No blame should attach to telling the truth. But it does, it does.
In real life, it is the hare who wins. Every time. Look around you. And in any case it is my contention that Aesop was writing for the tortoise market. Hares have no time to read. They are too busy winning the game.
Real love is a pilgrimage. It happens when there is no strategy, but it is very rare because most people are strategists.
It is my contention that Aesop was writing for the tortoise market. hares have no time to read.
Time misspent in youth is sometimes all the freedom one ever has.
Old men should have more care to end life well than to live long.
The lessons taught in great books are misleading. The commerce in life is rarely so simple and never so just.
A man of such obvious and exemplary charm must be a liar.
Writing novels preserves you in a state of innocence – a lot passes you by – simply because your attention is otherwise diverted.
Accountability in friendship is the equivalent of love without strategy.
All good fortune is a gift of the gods, and you don’t win the favor of the ancient gods by being good, but by being bold.
What is interesting about self-analysis is that it leads nowhere – it is an art form in itself.
You can never betray the people who are dead, so you go on being a public Jew; the dead can’t answer slurs, but I’m here. I would love to think that Jesus wants me for a sunbeam, but he doesn’t.
Existentialism is about being a saint without God; being your own hero, without all the sanction and support of religion or society.
Like many rich men, he thought in anecdotes; like many simple women, she thought in terms of biography.
A complete woman is probably not a very admirable creature. She is manipulative, uses other people to get her own way, and works within whatever system she is in.
Good women always think it is their fault when someone else is being offensive. Bad women never take the blame for anything.
It will be a pity if women in the more conventional mould are to be phased out, for there will never be anyone to go home to.
Great writers are the saints for the godless.
The essence of romantic love is that wonderful beginning, after which sadness and impossibility may become the rule.
In real life, of course, it is the hare that wins. Every time. Look around you.
You never know what you will learn till you start writing. Then you discover truths you never knew existed.
There are moments when you feel free, moments when you have energy, moments when you have hope, but you can’t rely on any of these things to see you through. Circumstances do that.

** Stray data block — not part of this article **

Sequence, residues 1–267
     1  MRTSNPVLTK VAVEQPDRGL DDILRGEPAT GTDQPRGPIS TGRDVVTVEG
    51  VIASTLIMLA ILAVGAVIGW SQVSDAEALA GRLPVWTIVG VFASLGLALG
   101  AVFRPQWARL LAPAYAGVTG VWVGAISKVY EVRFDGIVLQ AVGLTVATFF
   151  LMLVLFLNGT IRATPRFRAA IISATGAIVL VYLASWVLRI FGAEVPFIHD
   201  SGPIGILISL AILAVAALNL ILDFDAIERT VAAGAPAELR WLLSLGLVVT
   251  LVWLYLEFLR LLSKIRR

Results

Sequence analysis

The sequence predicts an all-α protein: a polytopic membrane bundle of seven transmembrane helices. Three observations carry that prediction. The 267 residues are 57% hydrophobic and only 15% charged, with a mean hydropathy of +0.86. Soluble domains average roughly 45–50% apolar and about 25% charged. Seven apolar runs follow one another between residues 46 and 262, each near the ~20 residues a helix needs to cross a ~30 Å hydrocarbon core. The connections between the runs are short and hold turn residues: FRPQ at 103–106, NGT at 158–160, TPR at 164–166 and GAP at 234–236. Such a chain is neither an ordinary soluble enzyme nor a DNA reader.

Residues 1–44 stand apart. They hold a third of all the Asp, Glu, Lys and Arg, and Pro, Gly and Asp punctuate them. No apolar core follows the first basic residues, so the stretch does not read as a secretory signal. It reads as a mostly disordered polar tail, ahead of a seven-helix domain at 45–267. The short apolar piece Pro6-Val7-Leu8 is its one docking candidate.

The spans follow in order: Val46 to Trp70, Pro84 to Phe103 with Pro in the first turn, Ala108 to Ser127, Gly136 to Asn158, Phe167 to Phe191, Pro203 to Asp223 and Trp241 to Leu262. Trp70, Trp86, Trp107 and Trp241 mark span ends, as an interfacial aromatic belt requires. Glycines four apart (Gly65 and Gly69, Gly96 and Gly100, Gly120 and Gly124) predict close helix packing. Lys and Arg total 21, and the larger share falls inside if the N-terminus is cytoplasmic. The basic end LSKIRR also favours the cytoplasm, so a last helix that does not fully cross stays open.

You have no idea how promising the world begins to look once you have decided to have it all for yourself. And how much healthier your decisions are once they become entirely selfish.
Life… is not simply a series of exciting new ventures. The future is not always a whole new ball game. There tends to be unfinished business. One trails all sorts of things around with one, things that simply won’t be got rid of.
I was a teacher most of my life, which I loved. I had a very happy working life, and when I retired, I thought I must do something, and I’ve always read a lot of fiction – you learn so much from fiction. My sentimental education came mostly from fiction, I should say, so I thought I’d try.
I’m not very popular, because they’re bleak and they’re mournful and all the rest of it and I get censorious reviews. But I’m only writing fiction. I’m not making munitions, so I think it’s acceptable.
I’ve never got on very well with Jane Austen.
I’m a middle-class, middle-brow novelist. And that’s it. It amuses me.
I was brought up to look after my parents. My family were Polish Jews, and we lived with my grandmother, with uncles and aunts and cousins all around, and I thought everybody lived like that.
I never learnt Hebrew because my health was fragile, and it was thought that learning Hebrew would be an added burden. I regret it, because I would like to be able to join in fully. Not that I am a believer, but I would like to be.
People say that I am always serious and depressing, but it seems to me that the English are never serious – they are flippant, complacent, ineffable, but never serious, which is sometimes maddening.
If I were happy, married with six children, I wouldn’t be writing. And I doubt if I should want to.